Saturday, August 25, 2012

Role models, reading and libraries

Is it too late to have found a role model?

Approaching my delayed maturity, I think I have found a role model.  I have only just recently discovered her existence and her 1981 book "Social Studies".  

I just love the acerbic wit of 60-something Fran Lebowitz as interviewed and allowed to opinionate throughout Public Speaking with Martin Scorsese. (Yes, I fused a noun and an adjective to create a verb.  That's creative license for ya.)

How does one get that kind of gig, with writing a couple of best-sellers in the 1970s and 80s then make a living talking about reading and how one hasn't written anything for decades?  Can one do that after publishing a wonderful, bittersweet novel (that is yet to be discovered by thousands of readers) and blog one's tongue-in-cheek social commentary about once a month?  


Fran Lebowitz certainly has opinions about many things including libraries, authors and their talent (or lack of).  I share her respect for libraries and books.  I am though, almost afraid to ask if she would like to read my yet to be discovered novel

Quote mash:
To lose yourself in a book,
as a child the library was the world,
a book is supposed to take you away,
it is supposed to be a door, not a mirror.

To close with the role model reference, I think Florence T. Lyon would make a good Canadian version of Fran Lebowitz. She would be polite, a little shyer, a little more tongue-in-cheek than acerbic, and on the socially acceptable side... she doesn't smoke. To offset the latter, she would be willing to consume wine on a daily basis.  That's to help with the shyness.

All she needs now is a good agent. 


Monday, August 6, 2012

On birthdays, aging and that "joie de vivre"

My birthday is coming up.   I hesitate to announce it since I don't like too much attention.

Considering my chronological age, I can confidently state that I still possess my original teeth, joints, fingernails, breasts and hair.  

I am though having difficulty discerning the difference between what is a hot flash and what is a reaction to recent weeks trapped in an unbearably sticky summer.

On the one hand, my front teeth seem too big, and my breasts seem too small. Heard this since adolescence...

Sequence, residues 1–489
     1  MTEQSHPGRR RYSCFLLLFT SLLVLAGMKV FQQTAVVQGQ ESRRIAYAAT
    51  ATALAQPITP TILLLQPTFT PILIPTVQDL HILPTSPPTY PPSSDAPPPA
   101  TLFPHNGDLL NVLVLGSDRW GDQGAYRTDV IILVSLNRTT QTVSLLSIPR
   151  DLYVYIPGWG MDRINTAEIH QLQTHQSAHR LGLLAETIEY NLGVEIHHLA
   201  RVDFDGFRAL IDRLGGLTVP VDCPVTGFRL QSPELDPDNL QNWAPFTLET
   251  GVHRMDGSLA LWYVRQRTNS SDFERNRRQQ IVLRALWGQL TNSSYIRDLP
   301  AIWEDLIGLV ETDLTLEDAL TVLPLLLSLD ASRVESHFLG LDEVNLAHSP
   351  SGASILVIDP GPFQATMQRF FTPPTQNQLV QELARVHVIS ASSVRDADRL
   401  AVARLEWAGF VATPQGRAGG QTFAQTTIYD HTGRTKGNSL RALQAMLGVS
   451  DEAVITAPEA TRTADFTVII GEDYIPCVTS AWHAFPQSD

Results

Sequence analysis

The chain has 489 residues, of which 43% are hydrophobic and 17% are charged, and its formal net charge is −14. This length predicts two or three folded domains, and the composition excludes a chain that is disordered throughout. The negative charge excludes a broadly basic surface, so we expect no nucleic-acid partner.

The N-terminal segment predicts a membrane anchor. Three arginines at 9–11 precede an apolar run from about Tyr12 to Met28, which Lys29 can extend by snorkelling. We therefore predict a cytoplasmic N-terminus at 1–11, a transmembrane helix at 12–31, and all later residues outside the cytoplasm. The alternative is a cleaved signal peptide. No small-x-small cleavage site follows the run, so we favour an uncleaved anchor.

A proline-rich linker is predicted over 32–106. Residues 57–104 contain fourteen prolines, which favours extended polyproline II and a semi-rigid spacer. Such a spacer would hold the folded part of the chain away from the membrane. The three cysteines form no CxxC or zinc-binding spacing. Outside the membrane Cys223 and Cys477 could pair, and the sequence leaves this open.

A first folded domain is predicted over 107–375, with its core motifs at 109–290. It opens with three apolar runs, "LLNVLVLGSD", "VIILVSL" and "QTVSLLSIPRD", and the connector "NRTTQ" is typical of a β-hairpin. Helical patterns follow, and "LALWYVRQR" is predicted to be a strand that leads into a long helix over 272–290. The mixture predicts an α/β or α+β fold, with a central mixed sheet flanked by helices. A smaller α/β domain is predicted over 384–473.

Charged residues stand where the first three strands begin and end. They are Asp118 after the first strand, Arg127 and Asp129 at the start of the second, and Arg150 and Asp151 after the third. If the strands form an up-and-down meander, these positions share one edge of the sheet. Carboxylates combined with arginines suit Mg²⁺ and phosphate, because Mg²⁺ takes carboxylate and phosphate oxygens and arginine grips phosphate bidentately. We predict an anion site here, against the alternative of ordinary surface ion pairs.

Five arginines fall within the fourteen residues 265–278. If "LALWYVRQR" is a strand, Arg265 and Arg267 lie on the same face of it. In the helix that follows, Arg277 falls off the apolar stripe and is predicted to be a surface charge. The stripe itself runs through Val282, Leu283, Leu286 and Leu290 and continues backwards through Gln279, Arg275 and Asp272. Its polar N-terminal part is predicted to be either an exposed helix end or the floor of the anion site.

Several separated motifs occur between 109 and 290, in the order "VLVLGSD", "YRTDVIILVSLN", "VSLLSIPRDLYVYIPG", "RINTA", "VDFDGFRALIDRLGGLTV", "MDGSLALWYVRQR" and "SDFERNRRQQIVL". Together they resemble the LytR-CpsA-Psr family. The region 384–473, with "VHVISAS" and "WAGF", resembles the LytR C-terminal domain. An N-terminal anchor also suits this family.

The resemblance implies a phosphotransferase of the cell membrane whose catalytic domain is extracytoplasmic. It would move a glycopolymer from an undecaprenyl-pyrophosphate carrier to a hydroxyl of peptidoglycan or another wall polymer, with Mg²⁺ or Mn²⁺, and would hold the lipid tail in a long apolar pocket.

On the other hand, the joints are relatively flexible and the hair is still a healthy, natural blonde mane sans des produits cosmétiques. 

On neither hand are bangles, rings, fake nails or polish.    

I wonder how women can function with fingernails longer than an eighth of an inch?  Is that hygienic or safe?  Is it even functional?  I'd be afraid of hurting myself or scratching a male companion.  Oh, right.  It's coming back to me...

And the colour - how the heck do you ensure the nail colour doesn't clash with your outfit choice each day?  I suppose one could make exceptions as an Olympic athlete - as long as it goes with the bronze, silver or gold! 

Who has the time or expendable income to frequently apply toxic substances and artificial colours.  Then there's the stuff you need to remove the polish a few weeks later. It is a rare occasion that I will apply a thin, clear layer after a quick trim and filing.  At least once it starts chipping, it's not as noticeable as with "cherry red" or "goth black".  The whole thing seems like a waste of resources and time - time I could spend reading or napping!

Speaking of artificial colour jobs: In the past two weeks five people have complimented or challenged the legitimacy of my natural blondness.  Why should it be so surprising that I don't colour or bleach my hair?  The only reality-altering liquid that comes out of a bottle in my petit apartment is wine and sometimes that just makes me giddy, sentimental or more apt to converse en Français.

Yep. Being a natural blonde has been a blessing and a curse for many years.  Poor me.  It has also been an assumed invitation for family and friends to send me copious emails containing dumb blonde jokes. Sigh.

Without seeming too vain, I hope that similar to my dear old Dad's, my hair will gradually change to platinum then morph into a mature silver-gray by the time I reach retirement age.  I also hope to inherit his folksy disposition, keep my mind and hands skillfully busy and continue to maintain a sense of awe.  

According to Psychology Today, if you want to know your true age, don't look at the calendar.  Don't do it!  Put it away.  (I have the same advice for bathroom scales.)   The article states there's a difference between your biological and psychological age.  I don't mind growing old, as long as happens gracefully.  Sometimes I just don't want to grow up

Again, I hesitate to announce MY UP-COMING BIRTHDAY  since family and friends may feel compelled to cover the cake with forty-some candles.  Considering that could be a fire hazard during our drought-like conditions, I advise them to use only one candle.  Tell them to make sure the CAKE contains CHOCOLATE.  A bottle of wine is optional.

- - - 

Goodness!  How I have rambled on.  Is that a sign of aging or an inane urge to share my deep blonde thoughts?  

Thanks for dropping by.  If you liked this blog entry, you can sample wine excerpts from my novel, The Year of the Rabbit.  

(Au sujet du Français, j'ai besoin de quelque gens qui peuvent m'aider traduire le roman en Français (gratuit) durant 2013 et peut être 2014.  C'est fou - ou un bon idée?)